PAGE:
Persuasive Lobbying with Allied Legislators, American Journal of Political Science, 64(4): 938-951, 2020
Why do interest groups lobby allied legislators if they already agree? One possibility is that allies are intermediaries who help persuade unconvinced legislators. To study the role and value of intermediaries, I develop a formal model of persuasive lobbying where interest groups use public cheap talk and provide verifiable information to a strategically selected coalition of legislators. Interest groups face a trade-off: Lobbying aligned legislators is advantageous as they are more willing to endorse the group's preferred policy, but those who are too aligned cannot persuade a majority of their peers. The model illustrates how intermediaries are especially valuable if interest groups cannot persuade a majority themselves. Counter to previous work, the results demonstrate how a legislature's ideological composition determines the use of intermediaries. Groups may lobby intermediaries even if access to legislators is free and unrestricted.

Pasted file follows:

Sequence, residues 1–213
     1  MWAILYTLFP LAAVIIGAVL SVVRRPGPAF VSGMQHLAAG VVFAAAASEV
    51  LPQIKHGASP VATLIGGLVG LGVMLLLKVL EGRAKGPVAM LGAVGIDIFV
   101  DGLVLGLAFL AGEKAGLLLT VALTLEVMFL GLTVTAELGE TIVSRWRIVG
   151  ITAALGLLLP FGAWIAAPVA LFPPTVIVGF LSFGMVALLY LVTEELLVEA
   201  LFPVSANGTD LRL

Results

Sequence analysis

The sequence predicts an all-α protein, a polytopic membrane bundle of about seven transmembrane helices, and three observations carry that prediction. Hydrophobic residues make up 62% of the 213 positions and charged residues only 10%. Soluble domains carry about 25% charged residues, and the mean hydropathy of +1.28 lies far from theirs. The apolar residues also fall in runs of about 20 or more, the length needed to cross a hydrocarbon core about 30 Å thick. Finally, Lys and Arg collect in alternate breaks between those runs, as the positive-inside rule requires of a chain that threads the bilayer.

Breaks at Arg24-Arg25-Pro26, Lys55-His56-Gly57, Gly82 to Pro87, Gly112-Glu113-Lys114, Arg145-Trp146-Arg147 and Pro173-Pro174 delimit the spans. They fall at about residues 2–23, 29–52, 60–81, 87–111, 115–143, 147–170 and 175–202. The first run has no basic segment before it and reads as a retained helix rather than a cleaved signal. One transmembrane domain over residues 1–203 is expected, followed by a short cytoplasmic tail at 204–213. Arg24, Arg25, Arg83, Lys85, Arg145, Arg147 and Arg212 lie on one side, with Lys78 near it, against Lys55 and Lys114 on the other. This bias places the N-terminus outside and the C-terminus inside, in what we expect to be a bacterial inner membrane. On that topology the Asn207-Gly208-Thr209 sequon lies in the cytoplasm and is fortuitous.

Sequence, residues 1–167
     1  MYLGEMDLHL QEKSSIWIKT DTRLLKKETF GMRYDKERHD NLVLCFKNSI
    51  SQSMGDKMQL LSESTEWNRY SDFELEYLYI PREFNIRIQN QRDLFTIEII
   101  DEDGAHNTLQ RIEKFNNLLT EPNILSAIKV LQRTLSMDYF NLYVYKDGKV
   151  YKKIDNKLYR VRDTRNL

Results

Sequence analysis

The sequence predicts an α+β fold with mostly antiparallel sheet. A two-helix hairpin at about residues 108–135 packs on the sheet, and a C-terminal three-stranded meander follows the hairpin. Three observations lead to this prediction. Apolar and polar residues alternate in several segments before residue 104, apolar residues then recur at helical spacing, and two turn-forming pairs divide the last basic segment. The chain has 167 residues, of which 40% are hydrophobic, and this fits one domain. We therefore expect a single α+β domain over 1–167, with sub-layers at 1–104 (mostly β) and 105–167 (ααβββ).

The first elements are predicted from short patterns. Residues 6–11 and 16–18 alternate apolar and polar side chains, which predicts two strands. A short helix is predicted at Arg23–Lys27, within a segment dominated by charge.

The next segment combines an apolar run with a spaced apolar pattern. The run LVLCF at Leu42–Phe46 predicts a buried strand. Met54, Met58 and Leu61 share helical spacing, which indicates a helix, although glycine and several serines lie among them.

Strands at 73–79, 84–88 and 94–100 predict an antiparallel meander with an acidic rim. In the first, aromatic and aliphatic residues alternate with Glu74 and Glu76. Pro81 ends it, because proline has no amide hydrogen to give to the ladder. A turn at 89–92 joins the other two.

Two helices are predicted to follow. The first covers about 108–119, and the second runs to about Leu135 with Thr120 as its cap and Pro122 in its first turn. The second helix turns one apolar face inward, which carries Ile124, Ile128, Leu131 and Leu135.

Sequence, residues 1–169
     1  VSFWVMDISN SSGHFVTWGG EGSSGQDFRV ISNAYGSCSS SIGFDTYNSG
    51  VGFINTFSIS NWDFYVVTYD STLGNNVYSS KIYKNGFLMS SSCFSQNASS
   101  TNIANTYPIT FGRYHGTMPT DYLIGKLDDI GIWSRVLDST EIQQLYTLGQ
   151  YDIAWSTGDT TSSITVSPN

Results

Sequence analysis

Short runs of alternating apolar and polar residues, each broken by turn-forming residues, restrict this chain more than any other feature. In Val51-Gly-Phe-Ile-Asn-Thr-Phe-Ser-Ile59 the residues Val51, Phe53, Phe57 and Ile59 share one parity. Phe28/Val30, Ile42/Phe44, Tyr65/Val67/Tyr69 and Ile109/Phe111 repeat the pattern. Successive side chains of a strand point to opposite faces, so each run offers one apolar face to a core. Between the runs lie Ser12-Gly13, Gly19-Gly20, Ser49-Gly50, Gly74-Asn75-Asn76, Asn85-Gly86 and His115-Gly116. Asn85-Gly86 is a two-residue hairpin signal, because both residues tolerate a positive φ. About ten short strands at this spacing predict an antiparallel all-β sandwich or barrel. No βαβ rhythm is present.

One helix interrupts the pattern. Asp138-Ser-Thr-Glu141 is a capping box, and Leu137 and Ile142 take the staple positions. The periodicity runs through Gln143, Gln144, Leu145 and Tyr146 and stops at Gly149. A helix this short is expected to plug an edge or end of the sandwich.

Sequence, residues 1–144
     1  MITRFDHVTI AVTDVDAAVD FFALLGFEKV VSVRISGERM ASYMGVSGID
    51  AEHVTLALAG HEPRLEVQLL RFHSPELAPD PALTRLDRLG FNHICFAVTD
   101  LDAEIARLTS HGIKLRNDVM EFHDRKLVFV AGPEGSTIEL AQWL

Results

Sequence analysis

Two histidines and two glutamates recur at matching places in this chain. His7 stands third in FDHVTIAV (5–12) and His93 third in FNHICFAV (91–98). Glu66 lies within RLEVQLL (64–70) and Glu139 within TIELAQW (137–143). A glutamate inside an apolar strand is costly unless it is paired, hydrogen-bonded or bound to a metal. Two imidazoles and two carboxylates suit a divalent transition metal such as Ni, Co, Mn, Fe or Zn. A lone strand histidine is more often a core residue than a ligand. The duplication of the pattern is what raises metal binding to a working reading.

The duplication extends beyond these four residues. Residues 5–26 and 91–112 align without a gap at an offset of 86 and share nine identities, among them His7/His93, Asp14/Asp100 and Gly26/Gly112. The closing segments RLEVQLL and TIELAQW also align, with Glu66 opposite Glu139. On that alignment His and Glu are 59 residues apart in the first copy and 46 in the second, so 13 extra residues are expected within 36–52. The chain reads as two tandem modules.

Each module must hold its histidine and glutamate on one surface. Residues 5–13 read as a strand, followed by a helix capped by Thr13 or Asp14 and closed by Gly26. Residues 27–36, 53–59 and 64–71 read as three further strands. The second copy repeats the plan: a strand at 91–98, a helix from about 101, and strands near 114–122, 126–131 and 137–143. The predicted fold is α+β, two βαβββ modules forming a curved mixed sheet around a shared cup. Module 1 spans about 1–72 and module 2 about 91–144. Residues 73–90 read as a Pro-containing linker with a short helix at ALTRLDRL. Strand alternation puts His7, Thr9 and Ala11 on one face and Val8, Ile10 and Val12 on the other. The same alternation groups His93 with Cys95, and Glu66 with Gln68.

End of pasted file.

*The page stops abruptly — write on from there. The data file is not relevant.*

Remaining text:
- Non-technical summary
Friendly Lobbying under Time Pressure (with Clement Minaudier, accepted at American Journal of Political Science - July 2022)
Lobbyists often target legislators who are aligned with them rather than opponents. The choice of whom to lobby affects both what information becomes available to legislators and how much influence special interest groups exert on policies. However, the conditions under which aligned legislators are targeted are not well understood. We investigate how the pressure to conclude policies quickly affects the strategic decision of whom to lobby. We derive conditions on the cost of delaying policies and on the distribution of legislators' preferences for lobbyists to prefer targeting allies. We show that the use of allied intermediaries has important implications for the duration of policy making and the quality of policies. Counter-intuitively, an increase in time pressure can increase the duration of policy making and a longer duration does not always lead to better-informed policies.